The first word that comes to mind when watching Aaron Sorkin’s “The Newsroom” is “mansplain”; it’s an overused word, to be sure, but nothing else fits quite as well. Aaron Sorkin’s universe, from “Sports Night” to “The Social Network,” is full of fast-talking blowhards, both men and women, who spout statistics, monologue for uninterrupted stretches of time, and cite their collegiate or work credentials with the alarming frequency of people with short-term memory loss. His men are definitely mansplainy — see Sam Seaborn in “The West Wing” telling Ainsley Hayes why she should support the Equal Rights Amendment — and his women are only slightly less so; his overwhelmingly male creative team is behind their every move.
Sorkin’s gotten accolades, and rightly so, for his screenplays that seem to move twice as fast as the competition — fitting two scripts’ worth of dialogue in just one, like Howard Hawks’ screwball comedies. But at the same time there’s something prehistoric about his approach to people, even as his subject matter, from the post-Clinton White House to Facebook to TV journalism in 2012, becomes more and more modern. And all of it is presented with the kind of gleeful preachiness that characterized this indelible screenshot.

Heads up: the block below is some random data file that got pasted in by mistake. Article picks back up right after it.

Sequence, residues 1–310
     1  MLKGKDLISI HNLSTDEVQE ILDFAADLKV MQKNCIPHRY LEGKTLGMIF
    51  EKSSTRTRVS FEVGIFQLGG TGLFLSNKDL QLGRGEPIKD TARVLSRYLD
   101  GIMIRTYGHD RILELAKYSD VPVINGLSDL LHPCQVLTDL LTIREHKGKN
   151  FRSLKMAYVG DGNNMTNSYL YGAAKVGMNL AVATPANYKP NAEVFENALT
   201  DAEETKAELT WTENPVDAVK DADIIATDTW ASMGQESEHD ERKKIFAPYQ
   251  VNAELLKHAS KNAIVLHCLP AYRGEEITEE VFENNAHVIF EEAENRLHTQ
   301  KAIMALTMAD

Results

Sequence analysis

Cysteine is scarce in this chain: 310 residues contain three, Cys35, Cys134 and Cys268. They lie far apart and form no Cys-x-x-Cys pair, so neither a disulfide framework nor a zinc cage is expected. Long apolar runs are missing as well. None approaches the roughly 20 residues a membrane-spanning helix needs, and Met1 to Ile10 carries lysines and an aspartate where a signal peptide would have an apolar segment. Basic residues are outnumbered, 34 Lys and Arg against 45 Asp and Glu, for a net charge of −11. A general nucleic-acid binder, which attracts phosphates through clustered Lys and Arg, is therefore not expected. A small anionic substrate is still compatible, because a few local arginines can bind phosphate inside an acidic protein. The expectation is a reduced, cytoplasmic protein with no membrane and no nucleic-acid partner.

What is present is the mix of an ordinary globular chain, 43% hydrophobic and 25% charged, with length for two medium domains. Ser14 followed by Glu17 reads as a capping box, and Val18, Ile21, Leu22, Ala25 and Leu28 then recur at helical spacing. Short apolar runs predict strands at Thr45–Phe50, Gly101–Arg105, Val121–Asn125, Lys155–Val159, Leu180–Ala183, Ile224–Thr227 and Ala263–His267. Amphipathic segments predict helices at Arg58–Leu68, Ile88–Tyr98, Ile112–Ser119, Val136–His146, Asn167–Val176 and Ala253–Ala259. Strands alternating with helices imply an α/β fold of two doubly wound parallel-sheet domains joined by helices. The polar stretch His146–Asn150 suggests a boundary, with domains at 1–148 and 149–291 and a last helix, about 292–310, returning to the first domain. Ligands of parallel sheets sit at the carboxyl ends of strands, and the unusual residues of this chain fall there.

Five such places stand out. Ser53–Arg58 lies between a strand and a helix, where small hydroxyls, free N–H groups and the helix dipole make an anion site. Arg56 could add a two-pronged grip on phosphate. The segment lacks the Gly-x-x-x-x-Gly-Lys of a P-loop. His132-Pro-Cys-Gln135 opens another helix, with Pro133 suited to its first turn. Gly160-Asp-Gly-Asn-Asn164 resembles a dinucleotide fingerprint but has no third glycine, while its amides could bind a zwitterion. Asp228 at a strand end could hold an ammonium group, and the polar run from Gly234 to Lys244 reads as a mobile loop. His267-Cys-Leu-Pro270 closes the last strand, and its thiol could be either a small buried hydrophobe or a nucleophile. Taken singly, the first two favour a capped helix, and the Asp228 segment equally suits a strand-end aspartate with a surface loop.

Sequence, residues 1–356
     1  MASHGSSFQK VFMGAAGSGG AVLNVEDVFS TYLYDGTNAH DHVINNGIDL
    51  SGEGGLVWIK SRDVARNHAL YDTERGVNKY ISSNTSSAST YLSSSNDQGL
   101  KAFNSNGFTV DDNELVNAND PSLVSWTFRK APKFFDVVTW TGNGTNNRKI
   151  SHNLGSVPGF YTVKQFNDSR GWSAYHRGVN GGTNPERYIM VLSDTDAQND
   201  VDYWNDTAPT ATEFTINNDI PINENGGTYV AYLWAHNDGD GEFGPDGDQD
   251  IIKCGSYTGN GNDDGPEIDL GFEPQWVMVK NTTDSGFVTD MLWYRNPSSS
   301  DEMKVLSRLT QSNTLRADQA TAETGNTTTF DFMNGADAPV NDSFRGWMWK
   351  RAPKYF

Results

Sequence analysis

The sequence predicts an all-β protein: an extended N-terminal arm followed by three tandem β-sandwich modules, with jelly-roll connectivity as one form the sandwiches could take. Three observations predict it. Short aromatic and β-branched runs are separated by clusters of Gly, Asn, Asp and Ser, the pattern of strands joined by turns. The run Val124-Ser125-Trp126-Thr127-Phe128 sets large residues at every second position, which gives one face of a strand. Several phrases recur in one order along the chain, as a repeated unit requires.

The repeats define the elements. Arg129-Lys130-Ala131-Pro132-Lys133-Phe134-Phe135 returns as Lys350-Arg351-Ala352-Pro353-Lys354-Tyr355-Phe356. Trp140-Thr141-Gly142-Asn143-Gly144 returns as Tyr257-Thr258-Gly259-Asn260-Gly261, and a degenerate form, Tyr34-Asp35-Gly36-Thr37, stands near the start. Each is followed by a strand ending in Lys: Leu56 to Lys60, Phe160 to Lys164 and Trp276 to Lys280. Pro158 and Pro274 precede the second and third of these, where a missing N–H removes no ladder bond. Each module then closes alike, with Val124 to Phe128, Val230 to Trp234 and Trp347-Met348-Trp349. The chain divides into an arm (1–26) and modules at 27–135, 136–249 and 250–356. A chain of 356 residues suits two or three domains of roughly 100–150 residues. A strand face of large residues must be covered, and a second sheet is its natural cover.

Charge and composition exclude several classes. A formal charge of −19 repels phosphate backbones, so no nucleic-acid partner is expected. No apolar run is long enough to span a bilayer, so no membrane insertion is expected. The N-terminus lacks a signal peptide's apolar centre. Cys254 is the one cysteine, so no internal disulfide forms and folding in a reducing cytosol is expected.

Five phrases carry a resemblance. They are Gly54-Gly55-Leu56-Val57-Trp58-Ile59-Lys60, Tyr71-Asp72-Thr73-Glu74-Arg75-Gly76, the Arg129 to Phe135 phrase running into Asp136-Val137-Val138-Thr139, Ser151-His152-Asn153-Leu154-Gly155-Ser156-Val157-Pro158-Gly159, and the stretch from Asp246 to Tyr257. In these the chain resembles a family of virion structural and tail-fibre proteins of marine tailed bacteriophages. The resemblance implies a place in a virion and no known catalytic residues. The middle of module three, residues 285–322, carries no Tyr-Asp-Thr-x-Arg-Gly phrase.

“The Newsroom,” which starts its third and last season tonight, has more blowhards than anything Sorkin’s done before — which explains both its appeal and its short shelf life. On one hand, it’s a show full of loud, gesticulating characters making bold romantic gestures in between eating takeout, drinking coffee and saving modern journalism, one headline at a time; it’s hard to look away from the spectacle. On the other hand, it’s a perfect example of the unique form of condescension that can only come from individuals wholly convinced that their way is the right way. Sorkin is a crusader, cranky liberalism is his doctrine, and episodes of “The Newsroom” are the pamphlets he hands out when he goes from door to door.